Meanwhile, her acquaintance Lord Brougham asked her to translate Laplace's Mécanique Céleste into English for the Society for the Diffusion of Useful KnowledgeHe even visited her in person to try and persuade her. She agreed on the condition she could work in secret and that it could be more technical than he had intended, for she felt the need to introduce the British public to Leibnizian calculus so they could understand Laplace. This became a labour of love, not just a translation, but an expanded version explaining all the mathematics of gravity and celestial mechanics that Laplace assumed the reader should intuit, and additional pertinent topics, under the title of The Mechanism of the Heavens. It took her three years. Brougham refused to publish it, deeming it too technical for his audience. William was determined her work would not go to waste and he brought the book to their friend geologist Charles Lyell's publisher John Murray. Murray eventually agreed to publish it (after John Herschel reviewed the manuscript and found it virtually flawless) in 1831, when Mary was 50. It sold well, made her famous and became the standard textbook for undergraduates at University of Cambridge until the 1880s. As Mary had been denied access to a university education as a woman this was very gratifying. In France, her book was so well received that Biot wrote to her to say colleagues were pestering him to hurry up his review of the book for the Journal des Savants. The next year when they travelled to Paris they were celebrated and made new scientific friends including physicist André-Marie Ampère and Marie-Anne Paulze Lavoisier Rumford (widow of and assistant to the famous chemist Antoine, and now also widow of the physicist Count Rumford). Mary Somerville was elected an honourary member of the Royal Astronomical Society along with Caroline Herschel. They were first two women admitted in any way, even if only honourary members of the society. She was also elected honorary member of the Royal Irish Academy, of the Bristol Philosophical Institution and the Société de Physique et d'Histoire Naturelle de Genève in 1834 and the British Crown granted her a pension of £200 a year for her contributions to science and literature. The pension was very timely, as the Somervilles' financial problems meant they quietly relied on the extra income she was able to earn (something not deemed appropriate for a middle class woman).

Her next book On the Connexion of the Physical Sciences (1834) was even grander in scope, connecting and summarizing the physical sciences of physics and astronomy with geography and meteorology. This book sold 15,000 copies establishing her reputation as amongst the elite of scientific authors. It was her publisher John Murray's most successful science book until Darwin published The Origin of Species in 1859. The book went through nine editions and she updated it for the rest of her life, even pointing out in the third edition that the challenges in calculating the position of Uranus hinted at the existence of  further possible undiscovered planets. She wrote that perhaps even the mass and orbit of this hypothetical planet could be deduced from observations of Uranus. Somerville's insight inspired British astronomer John Couch Adams who was able to mathematically predict the existence of Neptune in 1846. In his review of Connexion, polymath William Whewell introduced a new term he coined: 'scientist.' Many claim he praised her as the first scientist, but in fact he thought she was superior to his utilitarian designation, a "real person of science," a proper natural philosopher and a great writer in contrast with other popularizers of science.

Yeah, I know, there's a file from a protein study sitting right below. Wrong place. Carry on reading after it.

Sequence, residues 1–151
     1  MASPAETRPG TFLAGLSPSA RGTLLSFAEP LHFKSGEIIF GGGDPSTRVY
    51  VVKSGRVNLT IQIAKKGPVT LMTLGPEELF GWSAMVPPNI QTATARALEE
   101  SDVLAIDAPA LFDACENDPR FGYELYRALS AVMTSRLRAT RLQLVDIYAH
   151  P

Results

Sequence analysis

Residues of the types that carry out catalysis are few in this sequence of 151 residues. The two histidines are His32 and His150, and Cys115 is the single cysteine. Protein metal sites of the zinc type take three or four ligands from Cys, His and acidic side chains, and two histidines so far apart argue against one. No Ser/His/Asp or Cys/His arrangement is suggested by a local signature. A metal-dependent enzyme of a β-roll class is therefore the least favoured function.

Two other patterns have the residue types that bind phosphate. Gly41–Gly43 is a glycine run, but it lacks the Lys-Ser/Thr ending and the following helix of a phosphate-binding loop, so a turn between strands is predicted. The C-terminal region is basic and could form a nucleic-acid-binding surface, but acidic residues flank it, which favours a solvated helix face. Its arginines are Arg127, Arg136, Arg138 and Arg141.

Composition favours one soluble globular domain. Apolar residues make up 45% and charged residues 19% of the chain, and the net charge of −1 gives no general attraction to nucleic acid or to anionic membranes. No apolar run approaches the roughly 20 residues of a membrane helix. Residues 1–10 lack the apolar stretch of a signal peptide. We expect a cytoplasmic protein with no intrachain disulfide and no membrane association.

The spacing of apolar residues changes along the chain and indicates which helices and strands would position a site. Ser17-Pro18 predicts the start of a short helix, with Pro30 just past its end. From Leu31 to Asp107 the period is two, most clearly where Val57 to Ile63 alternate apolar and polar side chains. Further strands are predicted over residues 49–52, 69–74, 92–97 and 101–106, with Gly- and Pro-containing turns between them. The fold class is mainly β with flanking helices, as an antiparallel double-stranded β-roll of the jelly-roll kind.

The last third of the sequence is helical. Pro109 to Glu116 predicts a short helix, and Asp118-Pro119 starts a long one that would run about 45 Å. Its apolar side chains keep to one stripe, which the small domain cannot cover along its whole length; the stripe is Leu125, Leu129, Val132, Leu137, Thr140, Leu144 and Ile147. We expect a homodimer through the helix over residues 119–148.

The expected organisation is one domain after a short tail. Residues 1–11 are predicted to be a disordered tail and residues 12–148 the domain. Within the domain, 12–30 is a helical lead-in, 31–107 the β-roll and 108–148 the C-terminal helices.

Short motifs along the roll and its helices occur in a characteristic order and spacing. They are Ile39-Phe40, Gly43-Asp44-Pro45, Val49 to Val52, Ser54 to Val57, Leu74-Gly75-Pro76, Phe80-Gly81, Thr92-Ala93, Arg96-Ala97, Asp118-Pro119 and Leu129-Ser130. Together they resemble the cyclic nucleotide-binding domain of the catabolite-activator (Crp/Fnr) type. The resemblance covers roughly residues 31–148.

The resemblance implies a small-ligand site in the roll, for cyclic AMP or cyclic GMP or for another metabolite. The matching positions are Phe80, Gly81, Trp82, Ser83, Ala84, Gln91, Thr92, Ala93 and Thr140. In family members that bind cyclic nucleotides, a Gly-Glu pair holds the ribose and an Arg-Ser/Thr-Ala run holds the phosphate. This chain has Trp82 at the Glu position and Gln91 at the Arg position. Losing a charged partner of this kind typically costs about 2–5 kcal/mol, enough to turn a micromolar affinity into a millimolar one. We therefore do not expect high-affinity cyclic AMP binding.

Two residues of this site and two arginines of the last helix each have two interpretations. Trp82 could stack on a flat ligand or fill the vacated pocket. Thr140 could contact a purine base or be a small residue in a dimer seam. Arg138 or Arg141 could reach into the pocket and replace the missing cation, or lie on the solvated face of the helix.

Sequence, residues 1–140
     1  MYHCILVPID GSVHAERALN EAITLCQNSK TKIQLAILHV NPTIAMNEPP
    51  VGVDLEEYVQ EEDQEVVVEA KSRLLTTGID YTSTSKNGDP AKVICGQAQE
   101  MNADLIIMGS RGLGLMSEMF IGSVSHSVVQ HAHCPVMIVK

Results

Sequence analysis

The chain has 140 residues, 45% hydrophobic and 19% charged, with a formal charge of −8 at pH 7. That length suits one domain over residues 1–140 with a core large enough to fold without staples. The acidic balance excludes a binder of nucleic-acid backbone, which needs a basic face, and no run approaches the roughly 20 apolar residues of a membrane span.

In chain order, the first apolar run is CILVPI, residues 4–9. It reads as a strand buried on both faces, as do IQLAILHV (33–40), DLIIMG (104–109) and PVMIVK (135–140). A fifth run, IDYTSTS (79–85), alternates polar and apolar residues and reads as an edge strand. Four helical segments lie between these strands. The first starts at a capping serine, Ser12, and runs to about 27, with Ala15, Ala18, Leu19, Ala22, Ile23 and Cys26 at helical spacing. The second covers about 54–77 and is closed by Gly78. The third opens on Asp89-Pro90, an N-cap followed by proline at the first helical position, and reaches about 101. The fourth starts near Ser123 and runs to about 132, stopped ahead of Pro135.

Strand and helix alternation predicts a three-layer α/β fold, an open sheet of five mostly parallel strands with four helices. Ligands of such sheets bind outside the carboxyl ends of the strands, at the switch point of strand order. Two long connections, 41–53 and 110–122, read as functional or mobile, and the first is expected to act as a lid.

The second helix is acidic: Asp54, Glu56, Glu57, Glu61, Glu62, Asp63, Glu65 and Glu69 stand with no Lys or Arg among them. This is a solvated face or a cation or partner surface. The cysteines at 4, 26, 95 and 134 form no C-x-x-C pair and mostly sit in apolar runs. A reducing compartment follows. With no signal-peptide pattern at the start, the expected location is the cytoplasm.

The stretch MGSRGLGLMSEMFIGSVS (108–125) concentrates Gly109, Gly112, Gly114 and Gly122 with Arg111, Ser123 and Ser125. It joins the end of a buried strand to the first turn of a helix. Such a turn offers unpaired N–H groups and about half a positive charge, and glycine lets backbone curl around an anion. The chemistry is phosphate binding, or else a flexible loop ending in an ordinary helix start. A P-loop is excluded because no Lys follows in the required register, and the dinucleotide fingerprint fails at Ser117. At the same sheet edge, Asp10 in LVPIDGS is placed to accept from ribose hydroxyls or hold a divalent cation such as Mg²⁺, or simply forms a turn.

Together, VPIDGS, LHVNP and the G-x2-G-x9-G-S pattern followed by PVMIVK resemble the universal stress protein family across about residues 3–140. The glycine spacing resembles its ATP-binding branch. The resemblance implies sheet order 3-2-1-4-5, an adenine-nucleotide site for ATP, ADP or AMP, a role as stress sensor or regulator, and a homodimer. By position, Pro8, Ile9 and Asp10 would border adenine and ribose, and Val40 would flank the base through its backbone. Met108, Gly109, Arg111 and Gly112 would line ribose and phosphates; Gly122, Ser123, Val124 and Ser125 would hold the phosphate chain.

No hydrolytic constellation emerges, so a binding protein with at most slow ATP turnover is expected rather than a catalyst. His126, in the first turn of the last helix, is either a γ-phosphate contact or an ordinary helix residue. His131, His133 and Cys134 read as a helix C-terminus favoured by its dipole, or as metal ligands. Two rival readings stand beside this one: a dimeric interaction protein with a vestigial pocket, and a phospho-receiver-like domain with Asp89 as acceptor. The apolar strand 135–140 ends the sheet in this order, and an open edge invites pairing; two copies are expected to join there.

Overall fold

Though she had many male scientist friends and mentors, as a woman she was usually barred from  scientific societies. Her husband presented her papers to the Royal Society on her behalf, as did John Herschel. Their friend Arago presented her results on light and chemistry to the French Academy of Science. Faraday praised her explanations of his work, which was cutting edge research at the time of the publication of Connexion. Throughout her career, she had great instincts and open-mindedness about new ideas. She supported her friend Thomas Young's controversial wave theory of light, a real paradigm shift. Young explained his famous double-slit experiment by building on his French friend Augustin-Jean Fresnel's explanation of the diffraction of light in terms of waves and Christian Huygen's idea of the propagation of wavefronts of light, at a time when Biot and Laplace were still expounding on the particle nature of light. Likewise, she hinted at the revolution to come with the next generation of physicists who showed how seemingly disparate forces could be combined. Mary wrote, "Various circumstances render it more than probable that, like light and heat, [electricity] is a modification or vibration of that subtle ethereal medium, which, in a highly elastic state, pervades all space," which inspired the subsequent investigations by Hans Christian Ørsted (also written Oersted) and Michael Faraday. Mary noted that mariners observe lightening affects compasses. She described American John Henry's electromagnet, able to hold a ton of metal. And she traced the history of electrical and magnetic investigations since Coulomb. Later, the great physicist James Clerk Maxwell who combined the forces of electricity and magnetism in his laws for light, cited Somerville's book On the Connexion of the Physical Sciences for its hints of connections between light and magnetism, electricity and light, colour, electricity and magnetism and heat. He praised her insight and took the time to carefully explain why her experiment using violet light to magnetize a needle had failed. Mary may not have succeeded in establishing the connection between light and magnetism, but in searching for it she was on the vanguard of contemporary research.